Stanford Historical Society
Ninth House & Garden Tour

Historic Houses Reimagined

Sunday, May 4, 2014 from 1 - 4 pm

Download the flyer/registration and map.

Advance tickets cost $30; checks must be received by April 18 for tickets to be mailed.
After April 18
, tickets will cost $35 and may be picked up at the event.

See the flyer/registration for full details.

Sandstone & Tile, Fall 2013
Volume 37, Number 3

Victor Arnautoff: Art and Academic Freedom at Stanford

By  Robert W. Cherny, Professor Emeritus of History, San Francisco State University

Victor Mikhail Arnautoff, an art professor at Stanford for almost 24 years, was probably the most prolific muralist in San Francisco in the 1930s. He created the City Life mural in Coit Tower, a large mural at the Presidio’s Protestant chapel, and a series of murals on the life of George Washington at the city’s George Washington High School. He was on Stanford’s art faculty from 1938 until his retirement in 1962. In 1955 and 1957, he presented a challenge to the commitment of the university’s president, Wallace Sterling, that “no proven Communist should hold a position at Stanford.” The outcome of that dispute signaled an extension of academic freedom at Stanford. (read more)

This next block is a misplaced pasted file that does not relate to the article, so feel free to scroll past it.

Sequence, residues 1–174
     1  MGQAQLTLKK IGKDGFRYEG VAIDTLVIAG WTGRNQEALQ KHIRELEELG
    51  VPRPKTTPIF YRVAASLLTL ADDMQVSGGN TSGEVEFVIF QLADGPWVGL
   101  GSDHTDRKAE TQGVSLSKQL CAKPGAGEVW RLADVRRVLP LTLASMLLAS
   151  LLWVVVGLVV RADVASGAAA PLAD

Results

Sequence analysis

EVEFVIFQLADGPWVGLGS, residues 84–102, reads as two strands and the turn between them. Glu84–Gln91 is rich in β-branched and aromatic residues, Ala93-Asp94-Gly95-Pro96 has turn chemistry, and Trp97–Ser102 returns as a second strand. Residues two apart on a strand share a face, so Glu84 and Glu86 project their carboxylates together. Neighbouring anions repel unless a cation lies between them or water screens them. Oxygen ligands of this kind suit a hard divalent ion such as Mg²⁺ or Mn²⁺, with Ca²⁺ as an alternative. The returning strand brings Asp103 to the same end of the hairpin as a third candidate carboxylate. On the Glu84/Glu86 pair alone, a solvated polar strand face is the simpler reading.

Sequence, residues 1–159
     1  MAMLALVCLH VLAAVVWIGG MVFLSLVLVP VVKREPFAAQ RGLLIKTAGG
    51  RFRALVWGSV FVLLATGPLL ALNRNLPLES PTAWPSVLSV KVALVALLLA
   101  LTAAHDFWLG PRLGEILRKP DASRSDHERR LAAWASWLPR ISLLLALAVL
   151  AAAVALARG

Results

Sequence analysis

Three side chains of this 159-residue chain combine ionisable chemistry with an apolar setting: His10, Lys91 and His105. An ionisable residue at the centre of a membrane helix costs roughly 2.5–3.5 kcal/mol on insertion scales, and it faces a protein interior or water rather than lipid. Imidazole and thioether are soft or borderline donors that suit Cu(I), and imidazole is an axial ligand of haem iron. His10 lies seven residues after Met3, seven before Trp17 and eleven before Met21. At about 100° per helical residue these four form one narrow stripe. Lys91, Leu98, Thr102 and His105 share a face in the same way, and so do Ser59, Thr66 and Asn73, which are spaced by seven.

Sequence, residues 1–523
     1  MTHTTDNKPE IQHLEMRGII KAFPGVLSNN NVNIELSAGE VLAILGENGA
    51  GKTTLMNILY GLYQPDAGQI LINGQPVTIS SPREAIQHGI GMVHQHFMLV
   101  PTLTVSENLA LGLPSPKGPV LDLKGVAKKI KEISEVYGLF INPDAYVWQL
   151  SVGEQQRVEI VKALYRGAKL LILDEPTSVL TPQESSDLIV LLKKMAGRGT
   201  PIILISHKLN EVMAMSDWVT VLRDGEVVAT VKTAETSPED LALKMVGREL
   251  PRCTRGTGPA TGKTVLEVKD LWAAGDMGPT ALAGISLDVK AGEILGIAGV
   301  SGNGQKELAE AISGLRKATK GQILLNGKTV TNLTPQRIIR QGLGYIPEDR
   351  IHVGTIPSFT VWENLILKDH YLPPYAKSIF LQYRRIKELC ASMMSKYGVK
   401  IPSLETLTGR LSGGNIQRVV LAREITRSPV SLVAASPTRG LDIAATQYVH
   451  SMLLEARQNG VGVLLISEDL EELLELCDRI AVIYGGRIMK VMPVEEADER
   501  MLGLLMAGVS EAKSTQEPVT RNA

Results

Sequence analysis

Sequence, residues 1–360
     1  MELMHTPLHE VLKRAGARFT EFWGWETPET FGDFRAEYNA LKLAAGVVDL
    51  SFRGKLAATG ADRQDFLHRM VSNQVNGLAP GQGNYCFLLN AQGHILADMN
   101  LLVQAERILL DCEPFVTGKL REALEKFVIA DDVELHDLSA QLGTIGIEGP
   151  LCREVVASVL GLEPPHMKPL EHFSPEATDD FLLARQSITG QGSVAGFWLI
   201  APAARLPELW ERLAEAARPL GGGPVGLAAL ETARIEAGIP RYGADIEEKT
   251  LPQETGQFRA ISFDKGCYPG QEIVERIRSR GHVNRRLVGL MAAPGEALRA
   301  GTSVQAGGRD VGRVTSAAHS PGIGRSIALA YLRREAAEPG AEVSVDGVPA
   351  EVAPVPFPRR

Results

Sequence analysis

Victor Mikhail Arnautoff

Arnautoff, shown here in 1929, was a lieutenant in the White Siberian Army before he left Russia in 1920. He then lived in Harbin and Mukden, China, until 1925, when he moved to San Francisco and enrolled in the city’s California School of Fine Arts.

Image courtesy of San Francisco History Center,
San Francisco Public Library

Literary Legacy: Ivy Low Litvinov and D. H. Lawrence

Manuscript librarians collect papers in anticipation of future research, but they can never really predict who will use the archives or why. Of all the scholars who have visited the manuscript collections in the Stanford libraries over the years, one of the more vivid figures was Ivy Low Litvinov (1889–1977). A British novelist, she was married to Soviet statesman Maxim Litvinov (1876–1951), Stalin’s foreign minister and later his ambassador to Washington. Ivy had published her first novel in 1913, when she was 24. Three years later, she married Maxim, when he was a down-and-out revolutionary exile in London. In 1919, after the Russian Revolution, she and their two children joined Maxim in Moscow, where she lived as wife and then widow of a major diplomat for most of 54 years, until 1972. (read more)

In 1943, en route to the Soviet Union, she stopped at Stanford University to read an archival collection of Lawrence’s correspondence.

Photo by Arni/Joseph Freeman Papers, Hoover Institution Archives

Ivy Low Litvinov adn D.H. Lawrence

Also In This Issue:

  • Stanford through the Century
  • SHS Membership Roster
  • SHS 2012-2013 Financial Summary
  • Upcoming Society Activities
  •

Membership Spotlight
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